The Legal Examiner Mark The Legal Examiner Mark The Legal Examiner Mark search twitter facebook feed linkedin instagram google-plus avvo phone envelope checkmark mail-reply spinner error close
Skip to main content

The FDA approved Vioxx in 1999, and physicians frequently prescribed the drug for acute or chronic pain like that which accompanies arthritis. Unfortunately, the drug proved to be fatal the entire time that it was on market, according to Pharmalot blogger Ed Silverman. Eight years after Merck withdrew the drug and thousands of lawsuits later, Merck is still under fire for information that was not disclosed to the public.

Silverman says this secrecy was recently proven in a paper written by authors who did extensive research on three Vioxx trials conducted over a decade ago. Merck initiated the trials to see if Vioxx was useful in treating or preventing Alzheimer’s disease. According to Jerry Avorn, a professor of medicine at Harvard Medical School and one of the authors of this paper, Merck used on-treatment analysis as opposed to intent-to-treat analysis. Intent-to-treat analysis is widely used by drug makers in order to discover a drug’s potentially harmful side effects.

Since there was no data safety monitoring board for the three experiments, Merck was free to present the data it chose to reveal to the public. The company has denied any knowledge of the dangerous side effects that resulted in the death of many patients.

According to Silverman, Avorn and several of his colleagues recently performed intent-to-treat analysis on the same three trials that Merck conducted. Results showed significant disparities from the on-treatment analysis that Merck used. Specifically, the analysis showed that Vioxx had a substantial amount of risks that would have forced Merck to take the drug off the market much sooner.

“If we could do this from the same data they had, why didn’t they, especially given all the prior concern about possible cardiovascular toxicity? The company certainly should not have gone around and cited these very trials as ‘proof’ that the drug was safe,” Avorn reportedly said.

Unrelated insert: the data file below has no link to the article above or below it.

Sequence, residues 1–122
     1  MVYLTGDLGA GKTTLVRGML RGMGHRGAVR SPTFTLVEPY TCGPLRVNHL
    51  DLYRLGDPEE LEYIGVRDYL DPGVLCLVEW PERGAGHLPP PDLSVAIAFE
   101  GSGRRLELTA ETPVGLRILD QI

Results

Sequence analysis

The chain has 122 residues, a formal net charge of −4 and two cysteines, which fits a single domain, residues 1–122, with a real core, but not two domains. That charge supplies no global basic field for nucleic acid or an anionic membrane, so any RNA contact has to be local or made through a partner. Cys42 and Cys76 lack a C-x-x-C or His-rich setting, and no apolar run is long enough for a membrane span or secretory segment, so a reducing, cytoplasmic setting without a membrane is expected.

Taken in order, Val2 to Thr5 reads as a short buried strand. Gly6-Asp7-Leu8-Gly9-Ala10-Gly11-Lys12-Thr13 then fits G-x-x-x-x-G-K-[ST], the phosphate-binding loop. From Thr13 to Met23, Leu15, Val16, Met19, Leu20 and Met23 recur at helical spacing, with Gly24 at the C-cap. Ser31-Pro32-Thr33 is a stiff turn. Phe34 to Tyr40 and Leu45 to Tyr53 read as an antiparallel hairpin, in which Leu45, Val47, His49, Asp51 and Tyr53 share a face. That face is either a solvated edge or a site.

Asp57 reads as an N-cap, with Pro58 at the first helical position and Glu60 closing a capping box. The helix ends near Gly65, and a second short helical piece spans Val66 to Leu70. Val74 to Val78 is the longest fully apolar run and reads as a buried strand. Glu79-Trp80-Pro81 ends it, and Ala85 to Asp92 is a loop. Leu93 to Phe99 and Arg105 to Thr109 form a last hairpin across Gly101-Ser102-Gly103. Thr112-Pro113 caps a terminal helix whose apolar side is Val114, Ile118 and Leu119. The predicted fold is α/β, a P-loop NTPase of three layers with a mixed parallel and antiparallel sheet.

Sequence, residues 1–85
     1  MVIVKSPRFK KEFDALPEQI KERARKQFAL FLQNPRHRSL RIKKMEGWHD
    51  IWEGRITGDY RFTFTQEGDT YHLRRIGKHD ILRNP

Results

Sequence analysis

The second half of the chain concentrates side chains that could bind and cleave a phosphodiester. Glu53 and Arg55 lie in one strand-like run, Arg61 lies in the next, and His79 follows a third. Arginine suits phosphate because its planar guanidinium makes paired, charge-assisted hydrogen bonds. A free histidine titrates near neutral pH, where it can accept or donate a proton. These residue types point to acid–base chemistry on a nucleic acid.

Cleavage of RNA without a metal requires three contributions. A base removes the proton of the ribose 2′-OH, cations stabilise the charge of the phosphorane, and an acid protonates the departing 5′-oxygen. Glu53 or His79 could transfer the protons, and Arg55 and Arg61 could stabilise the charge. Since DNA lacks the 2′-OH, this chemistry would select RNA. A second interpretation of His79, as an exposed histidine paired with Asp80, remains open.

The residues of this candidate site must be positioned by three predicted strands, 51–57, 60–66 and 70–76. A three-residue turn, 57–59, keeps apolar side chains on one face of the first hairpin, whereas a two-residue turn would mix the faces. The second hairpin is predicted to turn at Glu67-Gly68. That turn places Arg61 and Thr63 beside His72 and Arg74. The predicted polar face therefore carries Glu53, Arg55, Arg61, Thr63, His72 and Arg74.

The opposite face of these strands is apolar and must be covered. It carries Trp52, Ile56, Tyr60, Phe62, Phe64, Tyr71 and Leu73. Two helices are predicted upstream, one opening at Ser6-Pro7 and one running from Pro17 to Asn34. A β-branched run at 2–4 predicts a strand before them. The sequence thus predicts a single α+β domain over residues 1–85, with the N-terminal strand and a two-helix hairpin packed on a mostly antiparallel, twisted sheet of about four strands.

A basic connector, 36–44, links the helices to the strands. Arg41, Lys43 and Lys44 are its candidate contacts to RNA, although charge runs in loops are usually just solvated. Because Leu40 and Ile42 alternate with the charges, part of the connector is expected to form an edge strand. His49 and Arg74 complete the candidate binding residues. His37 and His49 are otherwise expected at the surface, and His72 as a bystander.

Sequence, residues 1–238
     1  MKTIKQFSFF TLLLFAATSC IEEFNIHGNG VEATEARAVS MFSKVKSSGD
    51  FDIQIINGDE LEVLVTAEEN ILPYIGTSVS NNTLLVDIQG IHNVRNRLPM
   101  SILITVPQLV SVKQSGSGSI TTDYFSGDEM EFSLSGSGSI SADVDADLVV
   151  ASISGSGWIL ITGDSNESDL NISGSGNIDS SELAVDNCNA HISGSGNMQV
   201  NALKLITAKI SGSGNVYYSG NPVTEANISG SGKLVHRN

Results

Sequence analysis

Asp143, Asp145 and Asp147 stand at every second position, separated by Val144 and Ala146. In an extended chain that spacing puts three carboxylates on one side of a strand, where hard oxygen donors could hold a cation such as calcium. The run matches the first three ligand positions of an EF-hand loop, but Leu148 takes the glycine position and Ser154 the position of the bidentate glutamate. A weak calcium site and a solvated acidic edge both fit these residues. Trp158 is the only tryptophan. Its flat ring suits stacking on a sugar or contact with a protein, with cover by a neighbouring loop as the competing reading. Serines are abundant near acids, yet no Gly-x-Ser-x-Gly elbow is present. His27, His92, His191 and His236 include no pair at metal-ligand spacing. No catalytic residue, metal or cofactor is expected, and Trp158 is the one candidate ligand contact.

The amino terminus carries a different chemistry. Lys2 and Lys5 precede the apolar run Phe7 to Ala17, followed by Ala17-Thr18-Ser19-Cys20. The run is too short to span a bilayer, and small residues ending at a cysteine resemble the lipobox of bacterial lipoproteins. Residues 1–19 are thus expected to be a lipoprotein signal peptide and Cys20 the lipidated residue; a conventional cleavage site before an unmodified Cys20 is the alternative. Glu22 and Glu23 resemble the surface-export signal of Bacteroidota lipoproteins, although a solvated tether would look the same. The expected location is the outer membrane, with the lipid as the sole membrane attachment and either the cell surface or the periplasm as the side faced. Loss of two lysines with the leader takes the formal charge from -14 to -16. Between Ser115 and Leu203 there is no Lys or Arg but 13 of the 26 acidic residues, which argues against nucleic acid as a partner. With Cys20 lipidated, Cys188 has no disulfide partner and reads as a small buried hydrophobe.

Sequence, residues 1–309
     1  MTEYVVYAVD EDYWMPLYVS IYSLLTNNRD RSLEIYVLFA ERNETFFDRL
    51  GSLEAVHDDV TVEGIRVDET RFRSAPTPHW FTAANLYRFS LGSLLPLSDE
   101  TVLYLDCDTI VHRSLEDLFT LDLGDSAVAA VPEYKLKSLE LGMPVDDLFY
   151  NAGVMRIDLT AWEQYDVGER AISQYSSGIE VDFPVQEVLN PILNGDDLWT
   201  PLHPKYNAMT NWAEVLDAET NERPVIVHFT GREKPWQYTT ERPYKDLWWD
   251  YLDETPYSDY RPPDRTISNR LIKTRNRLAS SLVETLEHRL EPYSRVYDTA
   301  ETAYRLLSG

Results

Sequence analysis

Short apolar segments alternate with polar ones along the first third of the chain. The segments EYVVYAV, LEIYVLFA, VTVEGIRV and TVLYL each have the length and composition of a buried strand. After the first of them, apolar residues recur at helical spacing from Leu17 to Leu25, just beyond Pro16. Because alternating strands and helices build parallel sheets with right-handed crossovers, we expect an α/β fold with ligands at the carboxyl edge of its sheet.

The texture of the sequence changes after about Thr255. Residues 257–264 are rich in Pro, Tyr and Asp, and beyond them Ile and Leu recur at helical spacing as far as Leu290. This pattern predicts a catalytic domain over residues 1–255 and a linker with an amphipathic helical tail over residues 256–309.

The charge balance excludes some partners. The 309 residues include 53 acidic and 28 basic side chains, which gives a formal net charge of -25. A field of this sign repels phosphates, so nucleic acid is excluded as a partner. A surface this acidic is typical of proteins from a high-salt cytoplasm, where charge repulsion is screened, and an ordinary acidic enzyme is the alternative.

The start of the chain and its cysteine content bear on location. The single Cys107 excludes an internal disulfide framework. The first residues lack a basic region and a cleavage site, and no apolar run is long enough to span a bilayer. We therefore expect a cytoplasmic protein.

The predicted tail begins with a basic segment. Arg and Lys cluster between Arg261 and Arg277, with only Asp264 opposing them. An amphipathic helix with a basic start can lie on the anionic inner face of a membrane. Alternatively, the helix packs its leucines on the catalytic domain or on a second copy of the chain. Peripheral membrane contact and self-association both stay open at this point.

Rather than prevent thousands of deaths, Merck instead pocketed the $2.5 billion it made by keeping dangerous drug Vioxx on the market.


  1. Gravatar for Penny Lane

    If some Merck executives were put on trial and served some time, it maybe wouldn't happen again. Lying to the New England Journal of Medicine and to doctors and to the public was very wrong.

  2. Gravatar for Joseph Mansour

    Hello Penny,

    Thanks for commenting!

    I agree with you on putting some of these Merck executives on trial, but I don't know if that will prevent it from happening again, at least by another company. There is definitely something that is going on behind the scenes and it may involve money, lots of it. That is just my opinion though, but there is something more to this whole incident than just the facts that are being reported. I don't like to deal much with anything outside of the facts, but just because we know what Merck was doing, that doesn't necessarily mean that we know the entire truth on this matter.

    What we do know is that, sadly, while the medical field is in the business of healing people, it is a practice (a business) and that means making money is always the main concern.

  3. Gravatar for Bill Avioxx

    I used Vioxx from 6/99 through 12/00: about 18 months. Merck initially told the public that Vioxx's effects wore-off after one month. The lawyers I consulted said I had to: see a doctor or ER immediately after the first event, appear to be severely affected, etc. I have had to take Aggrenox and enteric aspirin ever since. I have had migraines ever since (although now diminishing). I had at least ten TIAs and two strokes from 9/2001 through 7/2008. My HMO (really the entire population) has had to absorb these costs. Yet Big Pharma and Gilmartin pay nothing. Shareholders bear the legal costs; patients bear the medical after-effects. What a country!

  4. Gravatar for Miranda S. Miller
    Miranda S. Miller

    Hi, Mr. Avioxx:

    My intern, Joe, has returned to college, so I thought I'd reply on his behalf.

    First, I'd like to thank you for reading and commenting. I'm sorry about all the trouble you've been through, and I sincerely hope things get better for you.

    I can't give legal advice, and your previous lawyers may have been spot-on in their advice, but you may want to get a second opinion. I'm not sure where you live, but many law firms throughout the country offer free consultations, so it couldn't hurt.

    Please take care of yourself.


    Marketing Manager at Spangenberg

Comments are closed.

Of Interest